Contingent Citizens examines the ambiguous state of South Africa’s public sector workers and the implications for contemporary understandings of citizenship. It takes us inside an ethnography of the professional ethic of nurses in a rural hospital in KwaZulu-Natal, shaped by a deep history of mission medicine and changing forms of new public management. Liberal democratic principles of ‘transparency’, ‘decentralization’ and ‘rights’, though promising freedom from control, often generate fear and insecurity instead. But despite the pressures they face, Elizabeth Hull shows that nurses draw on a range of practices from international migration to new religious movements, to assert new forms of citizenship. Focusing an anthropological lens on ‘professionalism’, Hull explores the major fault lines of South Africa’s fragmented social landscape – class, gender, race, and religion – to make an important contribution to the study of class formation and citizenship. This prize-winning monograph will be of interest to scholars of anthropology, development studies, sociology and global public health.
Table of Contents
List of Figures, Tables and MapsAcknowledgementsIntroductionAbout the book1. Geographies of Autonomy2. The Limits of Professionalism3. Autonomy and Control from Mission to State4. Accountability, Hierarchy and Care5. The Sickness of Democracy6. Aspiration beyond ProfessionalismConclusionReferences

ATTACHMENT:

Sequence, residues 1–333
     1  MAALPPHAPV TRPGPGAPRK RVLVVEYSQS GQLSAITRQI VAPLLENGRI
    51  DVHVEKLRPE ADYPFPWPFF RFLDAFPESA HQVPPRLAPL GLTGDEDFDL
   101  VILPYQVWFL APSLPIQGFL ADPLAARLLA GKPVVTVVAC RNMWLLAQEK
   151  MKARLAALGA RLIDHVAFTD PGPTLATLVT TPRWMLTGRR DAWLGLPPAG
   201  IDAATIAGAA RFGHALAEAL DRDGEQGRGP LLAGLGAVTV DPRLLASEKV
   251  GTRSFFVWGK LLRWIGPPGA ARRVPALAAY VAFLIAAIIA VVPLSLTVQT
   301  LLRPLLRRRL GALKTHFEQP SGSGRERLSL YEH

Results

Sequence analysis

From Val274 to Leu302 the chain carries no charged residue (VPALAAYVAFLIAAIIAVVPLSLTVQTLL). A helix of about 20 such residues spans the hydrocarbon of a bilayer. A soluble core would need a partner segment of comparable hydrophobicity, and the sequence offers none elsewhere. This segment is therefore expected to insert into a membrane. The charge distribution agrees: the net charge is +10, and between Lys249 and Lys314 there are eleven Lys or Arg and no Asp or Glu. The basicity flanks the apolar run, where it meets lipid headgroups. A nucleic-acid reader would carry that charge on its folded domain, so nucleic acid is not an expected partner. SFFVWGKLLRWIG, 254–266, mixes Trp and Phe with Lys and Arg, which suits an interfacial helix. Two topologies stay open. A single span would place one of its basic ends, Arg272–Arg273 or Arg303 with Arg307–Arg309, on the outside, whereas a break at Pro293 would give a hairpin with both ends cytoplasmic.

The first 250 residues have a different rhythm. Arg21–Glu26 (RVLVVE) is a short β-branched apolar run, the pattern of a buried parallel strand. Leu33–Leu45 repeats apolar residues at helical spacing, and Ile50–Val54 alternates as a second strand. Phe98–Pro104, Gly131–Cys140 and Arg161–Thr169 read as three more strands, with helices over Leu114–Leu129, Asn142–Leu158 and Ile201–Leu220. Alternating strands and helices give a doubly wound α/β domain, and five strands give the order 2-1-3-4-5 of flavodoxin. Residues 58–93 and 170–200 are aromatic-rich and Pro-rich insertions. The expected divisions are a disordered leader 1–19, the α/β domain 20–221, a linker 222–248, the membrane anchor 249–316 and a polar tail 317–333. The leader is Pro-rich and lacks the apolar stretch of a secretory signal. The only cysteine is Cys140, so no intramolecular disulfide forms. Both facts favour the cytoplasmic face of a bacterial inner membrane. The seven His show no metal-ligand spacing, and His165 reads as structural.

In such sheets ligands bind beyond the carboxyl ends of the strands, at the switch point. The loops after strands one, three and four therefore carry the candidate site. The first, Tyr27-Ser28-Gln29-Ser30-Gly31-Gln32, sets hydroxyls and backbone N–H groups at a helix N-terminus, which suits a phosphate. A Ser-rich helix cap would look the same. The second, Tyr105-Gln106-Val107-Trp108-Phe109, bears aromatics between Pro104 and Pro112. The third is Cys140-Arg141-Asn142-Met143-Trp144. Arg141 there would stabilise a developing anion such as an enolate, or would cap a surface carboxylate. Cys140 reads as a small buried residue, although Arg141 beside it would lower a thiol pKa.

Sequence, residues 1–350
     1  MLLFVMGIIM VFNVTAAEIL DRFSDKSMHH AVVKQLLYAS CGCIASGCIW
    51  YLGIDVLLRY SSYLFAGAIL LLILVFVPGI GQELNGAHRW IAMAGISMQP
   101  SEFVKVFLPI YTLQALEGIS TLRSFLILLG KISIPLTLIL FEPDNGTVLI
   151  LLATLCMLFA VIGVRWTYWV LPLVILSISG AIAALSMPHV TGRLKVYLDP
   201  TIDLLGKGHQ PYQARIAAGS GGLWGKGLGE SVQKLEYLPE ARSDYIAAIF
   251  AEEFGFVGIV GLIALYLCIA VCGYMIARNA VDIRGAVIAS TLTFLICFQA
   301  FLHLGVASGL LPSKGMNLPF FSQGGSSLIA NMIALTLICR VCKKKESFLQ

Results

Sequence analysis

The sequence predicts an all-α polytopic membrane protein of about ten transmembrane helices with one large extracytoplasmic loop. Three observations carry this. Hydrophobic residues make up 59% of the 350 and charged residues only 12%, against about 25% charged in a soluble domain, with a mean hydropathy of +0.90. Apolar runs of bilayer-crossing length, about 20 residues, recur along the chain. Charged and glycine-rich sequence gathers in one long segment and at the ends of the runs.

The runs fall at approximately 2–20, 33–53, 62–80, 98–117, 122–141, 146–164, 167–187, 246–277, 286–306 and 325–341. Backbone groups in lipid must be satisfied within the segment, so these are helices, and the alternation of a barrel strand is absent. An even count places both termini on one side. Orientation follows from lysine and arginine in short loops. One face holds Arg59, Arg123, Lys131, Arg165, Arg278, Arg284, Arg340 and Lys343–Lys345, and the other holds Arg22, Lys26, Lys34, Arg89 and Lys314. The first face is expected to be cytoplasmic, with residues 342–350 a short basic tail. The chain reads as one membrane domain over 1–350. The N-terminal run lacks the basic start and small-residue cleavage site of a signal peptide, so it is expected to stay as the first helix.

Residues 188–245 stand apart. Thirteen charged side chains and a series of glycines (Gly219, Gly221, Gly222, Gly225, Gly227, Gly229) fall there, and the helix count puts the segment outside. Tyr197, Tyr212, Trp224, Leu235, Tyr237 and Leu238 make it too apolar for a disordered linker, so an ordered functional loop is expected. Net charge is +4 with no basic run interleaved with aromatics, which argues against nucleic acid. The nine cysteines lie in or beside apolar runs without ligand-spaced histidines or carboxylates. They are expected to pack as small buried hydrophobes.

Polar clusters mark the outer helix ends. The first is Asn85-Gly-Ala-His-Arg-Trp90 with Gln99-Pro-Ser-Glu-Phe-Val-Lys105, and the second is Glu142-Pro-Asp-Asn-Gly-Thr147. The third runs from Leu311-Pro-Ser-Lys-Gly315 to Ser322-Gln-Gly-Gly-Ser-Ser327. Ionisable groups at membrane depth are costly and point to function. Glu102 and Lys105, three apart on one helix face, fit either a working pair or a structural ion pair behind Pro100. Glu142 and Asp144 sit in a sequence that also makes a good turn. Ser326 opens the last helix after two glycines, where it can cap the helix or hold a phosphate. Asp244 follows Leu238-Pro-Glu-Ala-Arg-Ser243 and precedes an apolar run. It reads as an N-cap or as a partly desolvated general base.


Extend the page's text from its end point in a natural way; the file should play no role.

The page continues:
Elizabeth Hull is Lecturer in Anthropology at SOAS University of London, UK.
"Elizabeth Hull’s prize-winning study, is a rich and empathic study of nurses’ experiences in Bethesda Hospital in KZN from the 1930s to the present, and a wide-ranging account of their professionalization and politicization in years of dramatic political and social change. Careful research traces the complex relationship between the state, missions, nurses and doctors, revealing the contradictions inherent in the changing nature of professionalism, while a brilliant coda illuminates the more theoretical aspects of her study. - Shula Marks, SOAS, UK Elizabeth Hull’s rich and insightful ethnography of a rural hospital shows how nurses confronted apartheid’s racial glass ceiling only to face a labyrinth of paperwork and patients’ new rights in the democratic era. As South Africa plans a universal health system, policy makers and scholars inside and outside the country should read this pathbreaking book to recognize how health workers make projects of care through mundane routines and moral codes of professionalism. - Mark Hunter, University of Toronto, Canada Hospitals and health care providers are often overlooked when scholars examine the forces that shape societies. Not only does Hull's book provide a broad analysis of nurses’ experiences, it reminds us how crucial these actors and their spaces are in understanding the transition to post-apartheid South Africa - including significant changes in health care as well as the dynamics of a professional black middle-class. - Leslie Anne Hadfield, Brigham Young University, USA"